According to the CDC (Centers for Disease Control), fewer than half of all Americans get the recommended amounts of weekly exercise outlined in the 2008 Physical Activity Guidelines. People who are inactive are at greater risk for early death, heart disease, stroke, type 2 diabetes, depression, and some cancers.
When people do start exercising, research shows they often quit within 6 months (Wilson and Brookfield, 2009). How can fitness professionals help people transition from inactive to active and stick with it over time?
In a joint study, Penn State researchers and the New Zealand Group Fitness Company, Les Mills®, introduced exercise to 29 inactive yet healthy adults. They wanted to see if regularly attending group fitness classes could help participants meet the Physical Activity Guidelines. Researchers eased participants into the program over 6 weeks in hopes of keeping compliance levels high.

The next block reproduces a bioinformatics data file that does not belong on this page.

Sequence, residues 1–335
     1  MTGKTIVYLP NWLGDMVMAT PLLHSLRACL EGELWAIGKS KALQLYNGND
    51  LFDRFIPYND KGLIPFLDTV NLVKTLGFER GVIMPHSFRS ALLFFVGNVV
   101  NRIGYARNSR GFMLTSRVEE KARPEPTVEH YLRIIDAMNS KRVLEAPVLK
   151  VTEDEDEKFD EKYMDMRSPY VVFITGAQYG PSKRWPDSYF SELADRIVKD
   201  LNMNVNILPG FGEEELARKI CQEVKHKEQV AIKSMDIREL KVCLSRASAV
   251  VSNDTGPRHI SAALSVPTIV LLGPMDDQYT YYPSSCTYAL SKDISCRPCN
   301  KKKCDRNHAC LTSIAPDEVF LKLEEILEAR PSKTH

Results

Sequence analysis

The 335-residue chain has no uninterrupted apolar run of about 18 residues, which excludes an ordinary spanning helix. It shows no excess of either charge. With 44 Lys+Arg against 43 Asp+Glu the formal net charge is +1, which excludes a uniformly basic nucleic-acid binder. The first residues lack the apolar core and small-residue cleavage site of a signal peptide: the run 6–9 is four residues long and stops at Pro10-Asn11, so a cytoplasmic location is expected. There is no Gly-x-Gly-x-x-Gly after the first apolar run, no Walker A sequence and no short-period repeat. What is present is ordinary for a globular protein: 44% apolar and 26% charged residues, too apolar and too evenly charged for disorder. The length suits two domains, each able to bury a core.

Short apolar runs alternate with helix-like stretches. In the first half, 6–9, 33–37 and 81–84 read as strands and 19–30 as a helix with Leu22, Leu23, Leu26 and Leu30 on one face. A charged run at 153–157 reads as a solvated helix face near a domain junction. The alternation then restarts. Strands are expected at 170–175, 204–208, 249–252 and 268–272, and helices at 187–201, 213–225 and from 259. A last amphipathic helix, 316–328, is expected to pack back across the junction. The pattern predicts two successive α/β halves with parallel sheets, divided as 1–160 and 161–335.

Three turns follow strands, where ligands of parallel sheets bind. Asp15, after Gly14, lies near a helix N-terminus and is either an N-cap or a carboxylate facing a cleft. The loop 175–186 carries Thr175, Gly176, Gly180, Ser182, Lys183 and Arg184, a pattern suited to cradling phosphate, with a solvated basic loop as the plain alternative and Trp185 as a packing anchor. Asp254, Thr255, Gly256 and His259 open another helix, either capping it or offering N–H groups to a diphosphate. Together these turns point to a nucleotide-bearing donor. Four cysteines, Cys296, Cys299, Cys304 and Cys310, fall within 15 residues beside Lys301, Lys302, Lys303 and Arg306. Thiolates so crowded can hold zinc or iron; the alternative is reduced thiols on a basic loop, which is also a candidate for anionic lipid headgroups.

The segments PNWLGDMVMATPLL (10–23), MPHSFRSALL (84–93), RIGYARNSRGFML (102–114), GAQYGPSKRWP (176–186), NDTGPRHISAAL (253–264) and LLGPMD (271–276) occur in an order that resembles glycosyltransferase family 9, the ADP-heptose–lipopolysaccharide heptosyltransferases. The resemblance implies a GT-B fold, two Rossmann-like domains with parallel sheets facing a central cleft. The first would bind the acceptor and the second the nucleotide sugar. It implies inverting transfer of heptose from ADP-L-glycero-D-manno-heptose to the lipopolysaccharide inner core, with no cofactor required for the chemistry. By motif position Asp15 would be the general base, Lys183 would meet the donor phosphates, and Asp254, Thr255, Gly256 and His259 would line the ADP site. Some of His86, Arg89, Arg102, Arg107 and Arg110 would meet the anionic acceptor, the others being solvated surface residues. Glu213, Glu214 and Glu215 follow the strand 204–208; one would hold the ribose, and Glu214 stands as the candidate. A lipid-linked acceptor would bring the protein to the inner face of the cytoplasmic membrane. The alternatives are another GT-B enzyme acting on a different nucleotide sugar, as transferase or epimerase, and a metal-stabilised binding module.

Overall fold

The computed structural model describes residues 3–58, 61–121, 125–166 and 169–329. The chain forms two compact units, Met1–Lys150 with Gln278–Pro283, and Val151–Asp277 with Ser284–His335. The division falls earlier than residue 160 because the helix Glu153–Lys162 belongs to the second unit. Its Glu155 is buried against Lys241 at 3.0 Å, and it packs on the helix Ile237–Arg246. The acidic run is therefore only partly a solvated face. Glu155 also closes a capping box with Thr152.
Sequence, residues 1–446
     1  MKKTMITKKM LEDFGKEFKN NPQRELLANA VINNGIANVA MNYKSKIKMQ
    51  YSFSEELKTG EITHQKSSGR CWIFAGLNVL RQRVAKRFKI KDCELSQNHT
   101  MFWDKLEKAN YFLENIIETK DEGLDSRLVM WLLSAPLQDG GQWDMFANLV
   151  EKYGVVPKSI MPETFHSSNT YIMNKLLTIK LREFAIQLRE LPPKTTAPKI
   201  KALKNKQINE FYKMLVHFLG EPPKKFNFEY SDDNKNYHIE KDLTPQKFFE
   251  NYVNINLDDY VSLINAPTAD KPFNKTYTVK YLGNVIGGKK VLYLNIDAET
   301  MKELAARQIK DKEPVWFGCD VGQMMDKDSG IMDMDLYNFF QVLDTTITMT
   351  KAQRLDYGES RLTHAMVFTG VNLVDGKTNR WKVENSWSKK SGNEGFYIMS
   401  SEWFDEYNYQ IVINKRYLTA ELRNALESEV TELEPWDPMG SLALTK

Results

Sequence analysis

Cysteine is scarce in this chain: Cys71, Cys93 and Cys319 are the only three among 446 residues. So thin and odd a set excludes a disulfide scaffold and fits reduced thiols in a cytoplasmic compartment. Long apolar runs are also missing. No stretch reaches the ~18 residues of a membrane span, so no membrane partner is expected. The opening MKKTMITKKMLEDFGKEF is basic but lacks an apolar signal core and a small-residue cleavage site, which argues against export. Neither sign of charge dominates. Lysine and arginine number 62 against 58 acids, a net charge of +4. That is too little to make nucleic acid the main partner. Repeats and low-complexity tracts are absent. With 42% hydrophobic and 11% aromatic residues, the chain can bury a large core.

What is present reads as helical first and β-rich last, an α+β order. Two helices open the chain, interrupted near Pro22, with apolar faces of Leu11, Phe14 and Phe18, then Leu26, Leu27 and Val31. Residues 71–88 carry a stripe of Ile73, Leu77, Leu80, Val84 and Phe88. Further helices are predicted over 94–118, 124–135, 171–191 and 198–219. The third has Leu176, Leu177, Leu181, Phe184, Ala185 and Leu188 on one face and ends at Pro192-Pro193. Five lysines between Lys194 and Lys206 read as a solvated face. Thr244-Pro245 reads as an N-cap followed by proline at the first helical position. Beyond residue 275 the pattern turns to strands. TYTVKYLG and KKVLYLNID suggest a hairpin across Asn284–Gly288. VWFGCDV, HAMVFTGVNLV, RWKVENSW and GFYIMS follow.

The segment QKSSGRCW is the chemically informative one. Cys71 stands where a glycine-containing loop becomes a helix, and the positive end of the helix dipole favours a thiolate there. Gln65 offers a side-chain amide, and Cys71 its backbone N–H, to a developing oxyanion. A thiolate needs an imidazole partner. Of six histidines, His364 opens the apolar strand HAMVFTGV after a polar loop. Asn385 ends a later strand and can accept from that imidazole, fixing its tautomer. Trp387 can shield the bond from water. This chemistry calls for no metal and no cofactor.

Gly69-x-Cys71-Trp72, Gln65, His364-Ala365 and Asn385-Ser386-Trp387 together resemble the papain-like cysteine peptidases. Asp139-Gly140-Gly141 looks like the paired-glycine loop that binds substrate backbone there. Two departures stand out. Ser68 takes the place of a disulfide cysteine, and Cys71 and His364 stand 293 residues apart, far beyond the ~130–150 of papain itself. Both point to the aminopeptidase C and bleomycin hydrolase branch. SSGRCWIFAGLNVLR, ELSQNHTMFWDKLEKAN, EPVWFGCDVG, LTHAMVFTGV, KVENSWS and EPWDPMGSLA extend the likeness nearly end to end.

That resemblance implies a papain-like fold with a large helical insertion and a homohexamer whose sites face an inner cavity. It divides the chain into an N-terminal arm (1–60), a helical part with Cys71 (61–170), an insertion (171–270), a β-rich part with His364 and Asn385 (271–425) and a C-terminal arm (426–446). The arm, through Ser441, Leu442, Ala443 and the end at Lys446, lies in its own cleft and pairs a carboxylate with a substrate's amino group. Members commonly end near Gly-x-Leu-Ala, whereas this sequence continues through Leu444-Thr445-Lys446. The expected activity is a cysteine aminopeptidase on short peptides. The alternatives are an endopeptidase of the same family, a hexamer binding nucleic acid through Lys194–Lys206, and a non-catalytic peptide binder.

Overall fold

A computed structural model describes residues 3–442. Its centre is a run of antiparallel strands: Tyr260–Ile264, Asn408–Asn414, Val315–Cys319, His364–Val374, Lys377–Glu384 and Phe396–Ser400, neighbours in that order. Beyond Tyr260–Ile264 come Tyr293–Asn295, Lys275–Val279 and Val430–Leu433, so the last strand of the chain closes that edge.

The Physical Activity Guidelines include:
- Cardio Exercise
- Moderate Intensity – 30 to 60 minutes per day at least 5 days per week – OR –
- Vigorous Intensity – 20 to 60 minutes at least 3 days per week
- Strength Training – 2 days per week
- Flexibility Training – 1 to 2 days per week
The results were positive. By the end of 30 weeks, participants experienced reductions in body mass, body fat percentage, total cholesterol, LDL-C, and triglycerides. Participants increased oxygen consumption, lean body mass percentage, and HDL-C. Compliance was high at 98.8%.
Researchers concluded group fitness can be a good way to maximize health benefits and minimize drop out rates for those new to exercise. An acclimation period proved to be a positive way to ease people into their full routine without becoming overwhelmed.